Preparing for winter driving

Winter has hit the passes in full force right before college students are heading home for winter breaks and families are preparing for holiday road trips.

Winter has hit the passes in full force right before college students are heading home for winter breaks and families are preparing for holiday road trips. If you’re planning to travel over the passes make sure you’re prepared for winter driving conditions.

If you do find yourself driving on snow or ice, AAA recommends following these simple tips to help you be a safe and efficient driver:

  • Slow down
  • Increase you’re following distance
  • Stay alert for slick and icy roads – bridges and overpasses are the first to freeze
  • If you find yourself in a skid, don’t panic, avoid slamming on the brakes and always look and steer in the direction you want to go
  • Know your brakes; if your vehicle has antilock brakes – don’t pump your brakes, vehicles without antilock brakes – apply firm steady pressure without locking your brakes
  • Four-wheel and all-wheel drive vehicles do not stop or steer better on ice

If you’re taking a road trip during the winter months, it’s a good idea to have a basic winter driving kit in your vehicle. AAA recommends making sure you pack these 10 essential items in your winter driving kit in case you encounter snowy or icy road conditions:

  • Cell phone and charger for making emergency calls
  • Warning devices (flares, triangles or other visual alert)
  • First aid kit
  • Flashlight with new batteries
  • Non-perishable food and water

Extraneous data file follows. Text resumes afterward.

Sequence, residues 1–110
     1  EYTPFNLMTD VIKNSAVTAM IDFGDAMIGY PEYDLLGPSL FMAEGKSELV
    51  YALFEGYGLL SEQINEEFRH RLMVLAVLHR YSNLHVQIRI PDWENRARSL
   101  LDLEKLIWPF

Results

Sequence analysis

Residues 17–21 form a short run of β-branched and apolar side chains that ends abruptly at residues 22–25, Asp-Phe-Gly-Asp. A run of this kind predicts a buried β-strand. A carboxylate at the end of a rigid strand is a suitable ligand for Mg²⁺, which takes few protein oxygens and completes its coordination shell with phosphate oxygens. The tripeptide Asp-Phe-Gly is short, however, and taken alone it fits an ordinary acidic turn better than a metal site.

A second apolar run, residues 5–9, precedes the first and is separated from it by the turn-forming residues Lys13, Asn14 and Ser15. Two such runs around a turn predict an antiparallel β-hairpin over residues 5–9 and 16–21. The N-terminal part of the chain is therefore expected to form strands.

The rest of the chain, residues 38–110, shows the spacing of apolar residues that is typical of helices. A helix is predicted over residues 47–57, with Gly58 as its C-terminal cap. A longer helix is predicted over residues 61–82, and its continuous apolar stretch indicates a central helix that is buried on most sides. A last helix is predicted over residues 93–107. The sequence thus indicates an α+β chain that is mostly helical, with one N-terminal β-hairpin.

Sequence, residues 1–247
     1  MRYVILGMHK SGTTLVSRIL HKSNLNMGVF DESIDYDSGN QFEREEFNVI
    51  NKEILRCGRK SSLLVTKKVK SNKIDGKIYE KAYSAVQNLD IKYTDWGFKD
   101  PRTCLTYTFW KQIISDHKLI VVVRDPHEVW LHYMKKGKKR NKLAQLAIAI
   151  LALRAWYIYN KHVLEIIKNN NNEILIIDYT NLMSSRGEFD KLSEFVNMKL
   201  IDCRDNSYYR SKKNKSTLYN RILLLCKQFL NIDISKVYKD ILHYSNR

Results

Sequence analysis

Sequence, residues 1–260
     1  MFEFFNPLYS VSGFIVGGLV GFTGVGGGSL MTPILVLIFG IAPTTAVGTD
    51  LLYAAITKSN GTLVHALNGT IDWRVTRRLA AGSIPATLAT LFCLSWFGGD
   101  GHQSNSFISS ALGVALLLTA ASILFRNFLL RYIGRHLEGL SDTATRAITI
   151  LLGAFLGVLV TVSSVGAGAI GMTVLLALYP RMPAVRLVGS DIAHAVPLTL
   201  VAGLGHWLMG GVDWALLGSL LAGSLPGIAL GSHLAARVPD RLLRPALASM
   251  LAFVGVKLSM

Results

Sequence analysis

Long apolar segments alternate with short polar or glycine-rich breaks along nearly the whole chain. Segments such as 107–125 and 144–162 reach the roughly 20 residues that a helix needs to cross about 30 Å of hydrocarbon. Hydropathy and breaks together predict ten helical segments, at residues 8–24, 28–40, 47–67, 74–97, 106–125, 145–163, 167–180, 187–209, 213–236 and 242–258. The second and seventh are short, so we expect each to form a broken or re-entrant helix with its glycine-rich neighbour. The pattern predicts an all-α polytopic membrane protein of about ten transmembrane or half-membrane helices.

• Blankets and warm clothing including hat and gloves
  • Jumper cables
  • Abrasive material (sand or cat litter) or traction mats and a small shovel
  • Ice/snow scraper for clearing car and windows
  • Tire chains

Remember to check weather forecasts, traffic reports and road conditions so you’re prepared for winter driving conditions and allow for extra time to get your destination. It’s best to “know before you go” even if you’re just heading off to work, driving home from college or driving across the mountain passes.

Driving in ice and snow conditions can be very challenging. If you’re uncomfortable or nervous driving in winter conditions, it’s best to stay off the roads unless it’s absolutely necessary to drive and wait for conditions to improve to take your trip.

Safe winter driving requires planning and preparation, AAA’s free How To Go On Ice and Snow brochure can be downloaded atAAA.com/trafficsafety. It includes these and many more tips for winter driving.  For additional information and tips, watch AAA’s safe winter driving videos.

 

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